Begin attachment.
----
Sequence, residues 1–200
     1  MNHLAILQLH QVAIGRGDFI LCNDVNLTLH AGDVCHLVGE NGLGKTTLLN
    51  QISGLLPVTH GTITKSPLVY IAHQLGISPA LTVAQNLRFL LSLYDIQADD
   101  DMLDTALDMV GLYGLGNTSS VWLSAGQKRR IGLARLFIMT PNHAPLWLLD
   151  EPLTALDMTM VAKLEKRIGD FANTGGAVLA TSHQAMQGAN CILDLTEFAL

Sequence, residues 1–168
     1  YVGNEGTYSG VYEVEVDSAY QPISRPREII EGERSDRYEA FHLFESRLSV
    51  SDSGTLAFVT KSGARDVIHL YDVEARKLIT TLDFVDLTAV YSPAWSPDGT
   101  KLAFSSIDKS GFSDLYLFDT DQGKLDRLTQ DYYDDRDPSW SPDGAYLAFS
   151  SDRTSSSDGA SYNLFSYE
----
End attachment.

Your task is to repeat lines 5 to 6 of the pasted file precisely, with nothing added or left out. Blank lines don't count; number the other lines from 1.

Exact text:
   151  EPLTALDMTM VAKLEKRIGD FANTGGAVLA TSHQAMQGAN CILDLTEFAL

Sequence, residues 1–168